Bill Clinton’s overriding concern was his legacy when he wrote ‘My Life’. I was working in DC at the time he released it and he was all over the news. All said and done, he wanted to be remembered for his political successes, not his bedroom shenanigans. I suppose it was a smart move; take the initiative in writing your own story for the ages.
Can you be a player and referee too? It’s an interesting question. It seems that everyone does it- they start redefining their story the way they’d like it to be told. And not that’s this is a new phenomenon… we always see movie scenes where the dying mother/father’s last wishes are to tell the child ‘he was the one good thing I did’ [sobcakes] .. This is pretty much the reason people write autobiographies. And why do I bring this up?
Joe Scarborough of MSNBC had a panel of guests on his show who debated this new ABC documentary coming out that is rumored to blame Clinton’s term for the no show on the Osama front. Now one of the panelists said that it wasn’t so much that Clinton was going to be blamed for not attacking Osama when he had the chance, but its going to highlight the complications. How lawyers end up making military decisions because it has to be checked if there are going to be legal implications. Well Bill must be freaking out now because I’m sure, after his very long book, he must be livid his entire legacy could be redefined as caught up in red-tape and inaction over what he must have figured would ultimately become a big failure for the Bush presidency.
I have a friend studying for her GRE and one of the topics for essay writing was that there are no heroes; we just seem to define them that way. I said, well even if you seem to find yourself in the right place at the right time, that does not mean that you will make the right choice now does it?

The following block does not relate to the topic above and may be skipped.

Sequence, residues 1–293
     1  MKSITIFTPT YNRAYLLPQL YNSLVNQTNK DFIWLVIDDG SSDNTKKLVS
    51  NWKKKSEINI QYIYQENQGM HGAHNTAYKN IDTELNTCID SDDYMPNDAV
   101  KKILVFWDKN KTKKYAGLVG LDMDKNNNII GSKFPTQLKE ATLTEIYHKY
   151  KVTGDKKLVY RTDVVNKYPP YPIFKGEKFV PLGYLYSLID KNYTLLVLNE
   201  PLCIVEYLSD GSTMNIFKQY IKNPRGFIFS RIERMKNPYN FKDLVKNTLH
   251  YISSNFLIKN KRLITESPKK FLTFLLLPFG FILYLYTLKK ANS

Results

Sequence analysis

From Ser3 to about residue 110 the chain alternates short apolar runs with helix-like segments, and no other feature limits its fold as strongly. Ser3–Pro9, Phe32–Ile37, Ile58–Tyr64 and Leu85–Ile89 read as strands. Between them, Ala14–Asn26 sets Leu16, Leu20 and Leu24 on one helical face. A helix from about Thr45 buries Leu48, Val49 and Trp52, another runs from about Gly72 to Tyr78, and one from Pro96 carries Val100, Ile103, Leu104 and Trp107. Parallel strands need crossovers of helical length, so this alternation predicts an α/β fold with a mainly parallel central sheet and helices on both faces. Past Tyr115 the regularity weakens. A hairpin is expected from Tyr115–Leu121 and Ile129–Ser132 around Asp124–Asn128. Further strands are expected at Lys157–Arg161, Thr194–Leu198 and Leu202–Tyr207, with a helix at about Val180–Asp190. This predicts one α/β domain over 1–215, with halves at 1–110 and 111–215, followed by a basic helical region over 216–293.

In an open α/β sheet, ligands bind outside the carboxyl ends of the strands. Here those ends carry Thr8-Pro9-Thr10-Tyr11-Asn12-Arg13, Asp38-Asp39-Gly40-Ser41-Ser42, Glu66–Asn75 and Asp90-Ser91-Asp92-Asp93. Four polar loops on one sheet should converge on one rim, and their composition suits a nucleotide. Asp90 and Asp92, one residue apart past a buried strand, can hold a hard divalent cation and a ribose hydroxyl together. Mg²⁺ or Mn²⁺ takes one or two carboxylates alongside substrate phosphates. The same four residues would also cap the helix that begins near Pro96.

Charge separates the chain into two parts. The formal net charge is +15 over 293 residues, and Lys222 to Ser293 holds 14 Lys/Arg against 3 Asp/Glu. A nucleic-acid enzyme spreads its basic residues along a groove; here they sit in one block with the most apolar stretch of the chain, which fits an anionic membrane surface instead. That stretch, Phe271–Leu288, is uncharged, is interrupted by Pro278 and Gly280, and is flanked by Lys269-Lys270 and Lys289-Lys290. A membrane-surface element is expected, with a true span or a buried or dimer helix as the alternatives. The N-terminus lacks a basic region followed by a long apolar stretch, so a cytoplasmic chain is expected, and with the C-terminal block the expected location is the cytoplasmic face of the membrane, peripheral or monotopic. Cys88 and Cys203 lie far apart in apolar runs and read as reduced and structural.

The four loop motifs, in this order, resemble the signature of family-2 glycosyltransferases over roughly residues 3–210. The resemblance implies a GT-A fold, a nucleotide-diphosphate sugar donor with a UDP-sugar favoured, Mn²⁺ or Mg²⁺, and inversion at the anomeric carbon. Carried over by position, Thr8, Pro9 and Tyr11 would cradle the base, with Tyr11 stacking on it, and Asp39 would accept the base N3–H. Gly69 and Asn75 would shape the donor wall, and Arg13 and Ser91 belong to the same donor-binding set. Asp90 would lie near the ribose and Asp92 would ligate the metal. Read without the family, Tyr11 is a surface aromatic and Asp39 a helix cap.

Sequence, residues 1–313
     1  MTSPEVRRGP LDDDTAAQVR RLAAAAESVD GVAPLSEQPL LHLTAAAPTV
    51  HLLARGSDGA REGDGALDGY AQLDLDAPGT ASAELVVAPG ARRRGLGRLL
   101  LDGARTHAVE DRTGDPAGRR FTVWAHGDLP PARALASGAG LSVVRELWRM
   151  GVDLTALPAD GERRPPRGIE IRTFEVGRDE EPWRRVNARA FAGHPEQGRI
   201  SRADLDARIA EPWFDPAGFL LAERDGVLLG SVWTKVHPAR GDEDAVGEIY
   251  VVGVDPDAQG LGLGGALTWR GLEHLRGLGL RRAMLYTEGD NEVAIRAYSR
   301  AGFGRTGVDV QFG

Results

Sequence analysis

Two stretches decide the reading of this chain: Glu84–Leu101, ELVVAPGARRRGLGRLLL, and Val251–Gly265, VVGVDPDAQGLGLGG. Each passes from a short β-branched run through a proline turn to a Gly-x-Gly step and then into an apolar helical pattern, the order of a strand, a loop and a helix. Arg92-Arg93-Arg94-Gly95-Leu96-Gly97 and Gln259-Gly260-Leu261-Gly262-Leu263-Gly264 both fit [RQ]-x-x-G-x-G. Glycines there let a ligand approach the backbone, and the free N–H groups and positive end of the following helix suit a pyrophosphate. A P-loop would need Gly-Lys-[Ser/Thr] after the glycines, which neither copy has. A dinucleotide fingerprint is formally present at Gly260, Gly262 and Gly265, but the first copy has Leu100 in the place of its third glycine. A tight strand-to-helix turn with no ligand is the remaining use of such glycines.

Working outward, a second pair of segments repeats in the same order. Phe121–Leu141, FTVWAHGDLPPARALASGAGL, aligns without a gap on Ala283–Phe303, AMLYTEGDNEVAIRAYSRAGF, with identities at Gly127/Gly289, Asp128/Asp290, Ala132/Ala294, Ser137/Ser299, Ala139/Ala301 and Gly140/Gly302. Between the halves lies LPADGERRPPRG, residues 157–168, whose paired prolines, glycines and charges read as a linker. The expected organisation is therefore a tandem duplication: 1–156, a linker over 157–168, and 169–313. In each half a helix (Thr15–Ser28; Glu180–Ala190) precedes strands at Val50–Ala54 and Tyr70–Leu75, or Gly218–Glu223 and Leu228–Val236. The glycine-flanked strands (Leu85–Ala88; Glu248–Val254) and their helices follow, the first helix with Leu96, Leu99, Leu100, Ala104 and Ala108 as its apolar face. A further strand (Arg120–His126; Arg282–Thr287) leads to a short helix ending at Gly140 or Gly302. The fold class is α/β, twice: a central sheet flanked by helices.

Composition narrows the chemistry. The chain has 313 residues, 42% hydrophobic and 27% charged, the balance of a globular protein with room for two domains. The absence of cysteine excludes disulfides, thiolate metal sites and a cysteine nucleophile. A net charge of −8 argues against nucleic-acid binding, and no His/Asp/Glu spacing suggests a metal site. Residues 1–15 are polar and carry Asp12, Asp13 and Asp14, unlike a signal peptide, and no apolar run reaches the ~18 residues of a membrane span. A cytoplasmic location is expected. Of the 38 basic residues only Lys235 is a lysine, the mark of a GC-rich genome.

Well some stories tell themselves. Listen up: Having finished my dissertation, flipping through channels of mind-numbing TV, I came across the most horrifying news bulletin I had seen in a long time. As if simply re-capping an episode, NDTV was showing footage of a two ABVP leaders, Shashiranjan Akela and Vimal Tomar threatening Madhav College Professor, ML Nath. The threats were in total hindi-movie style, and one has to wonder how arrogant and above the law the ABVP leaders must have felt if they could make death threats with news cameras rolling in the sidelines. Immediately after, violence erupted, and later, the camera caught the ABVP supporters beating up another Professor. Then the most chilling part of the entire story came: Prof Sabharwal who died as a result of his injuries, was out of the crowd but badly hurt and people were scrambling around trying to figure out what to do. He was clutching his chest in pain and looked very short of breath. I had a chill go through me, the likes that you don’t really feel; because I realized that I was watching a man die on camera. No, really. NDTV caught the entire thing on camera, starting from the threats and ending in death.
The thing is, despite the Chief Minister of MP trying to brush it off as an accident, ultimately charges had to be made against them and there was a backlash to the incident. It’s very difficult to convince people that what they see before their eyes didn’t really happen.
Like Bangaru Laxman and his ‘next time in dollars’!!
Personal PR and strategic communications for companies/ political parties basically have this challenge- there is a scandal, how do you spin it so that you don’t look too bad? This year around all the one hour shows on the life of Princess Diana were decidedly negative about her in my opinion- and granted I didn’t really know too much about her personal life, it seemed ironic that before I had always seen images that fit in with ‘the people’s princess’ and now they were replaced by talk of paranoid and un-princess-y behavior.
The funny thing is that after a re-watch of Reality Bites where they talk about not having any role models for their generation, I had actually started asking people who their role model was. You know what I found: for most people, it was their mom/dad. And the ones who had a famous name… they were quite specific about what they admired. And moral fibre wasn’t one of them; it was business sense mostly.
The media has made it much easier for us to ‘SEE’ public figures in a more personal way. While voyeuristic at times, at other times it is so brutally honest, perhaps this generation will never be able to have a ‘hero’ who’s legacy won’t be tarnished over time. Do we really just live in one big television show that is constantly re-capping our lives and adding more storylines? I wonder. See you on the next installment…